Tuesday, June 27, 2017

3:00pm – 4:00pm (eastern)

Register Online

This Webcast is designed to provide listeners with the necessary knowledge to develop and deliver effective cyanotoxin risk communications (WRF project #4697). Listeners will learn about specific attributes of the cyanotoxin risk management framework that can create potential communication barriers, for example the complexity of the EPA health guidance and the uncertainty inherent in monitoring and testing timing and protocol. Listeners will also be introduced to the linguistic research carried out during the project, which was used to develop recommended health advisory/alert language.

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Evaluation and Optimization of Cyanotoxin Analytical Methods

Thursday, July 13th, 2017

3:00pm – 4:00pm (eastern)

Register Online

This webcast will explore the results of Performance Evaluation of Methods for the Analysis of Cyanotoxins (project #4647). The goal of this project is to compare the Ohio EPA and U.S. EPA (Method 546) ADDA-ELISA methods and EPA Method 544, “Determination of Microcystins and Nodularin in Drinking Water by Solid Phase Extraction (SPE) and Liquid Chromatography/Tandem Mass Spectrometry (LC/MS/MS)” and investigate the inconsistencies between the methodologies as well as the precision and accuracies within each method. The findings for this project will be published in 2018; however, valuable preliminary findings will be shared during this webcast.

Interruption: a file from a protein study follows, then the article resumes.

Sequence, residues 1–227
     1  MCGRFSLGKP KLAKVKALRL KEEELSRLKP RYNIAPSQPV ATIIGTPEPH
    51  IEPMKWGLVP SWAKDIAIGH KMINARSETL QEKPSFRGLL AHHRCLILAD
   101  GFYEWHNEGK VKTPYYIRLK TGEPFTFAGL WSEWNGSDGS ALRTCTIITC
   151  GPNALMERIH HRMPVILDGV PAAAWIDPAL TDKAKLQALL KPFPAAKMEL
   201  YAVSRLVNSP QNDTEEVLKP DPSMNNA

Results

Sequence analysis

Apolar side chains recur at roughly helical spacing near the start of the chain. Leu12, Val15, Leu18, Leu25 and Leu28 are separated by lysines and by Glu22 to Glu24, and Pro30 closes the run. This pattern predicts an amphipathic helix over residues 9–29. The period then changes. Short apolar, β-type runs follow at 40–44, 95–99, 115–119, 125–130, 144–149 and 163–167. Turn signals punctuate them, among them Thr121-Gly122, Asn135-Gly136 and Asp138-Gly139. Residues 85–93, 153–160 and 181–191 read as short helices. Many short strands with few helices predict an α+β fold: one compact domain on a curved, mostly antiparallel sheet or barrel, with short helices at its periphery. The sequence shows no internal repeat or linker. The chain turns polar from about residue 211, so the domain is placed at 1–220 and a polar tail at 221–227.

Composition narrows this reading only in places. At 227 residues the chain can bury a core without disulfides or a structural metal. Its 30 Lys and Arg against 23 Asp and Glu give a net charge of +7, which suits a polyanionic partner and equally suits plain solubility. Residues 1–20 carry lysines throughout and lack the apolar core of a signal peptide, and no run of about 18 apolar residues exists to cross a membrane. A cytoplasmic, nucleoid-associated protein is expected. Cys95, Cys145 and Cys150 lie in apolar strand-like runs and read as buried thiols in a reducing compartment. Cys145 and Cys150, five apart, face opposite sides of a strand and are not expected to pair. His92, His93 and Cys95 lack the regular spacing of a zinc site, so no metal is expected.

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Treatment Approaches for Managing Dissolved and Intracellular Cyanotoxins

Tuesday, August 15, 2017

3:00pm – 4:00pm (eastern)

Register Online

This webcast will highlight the effectiveness of conventional and advanced treatment processes for managing intracellular and extracellular cyanotoxins while minimizing unintended consequences. In addition, a summary of the Hazen-Adams CyanoTOX model v.2.0 will be presented. Case studies will be used to illustrate how the model worked at various utilities and will be used to provide a basis for evaluating treatment options.

EPA HABS Webinar on Treatment, Communications, and Management

EPA HABS

On Tuesday, June 27th from 2:00pm to 3:30pm (eastern), EPA’s Office of Research and Development (ORD) will host a webinar entitled, “Harmful Algal Blooms: Treatment, Risk Communications Toolbox, and Management Plans,” as part of the EPA Small Drinking Water Systems Webinar Series.  During the webinar, EPA presenters will:

  • Share information about multiple EPA tools that facilitate proactive planning for harmful algal blooms, including the support document Recommendations for Public Water Systems to Manage Cyanotoxins in Drinking Water and the Cyanotoxin Management Plan Temple and Example Plans.
  • Provide a brief overview of drinking water treatment options for cyanobacteria and their toxins, focusing on the impacts of permanganate addition to suspensions of toxin-producing Microcystis aeruginosa, followed by powdered activated carbon addition.

Register for the webinar here

New State Water Agency Practices for Climate Adaptation on EPA’s Website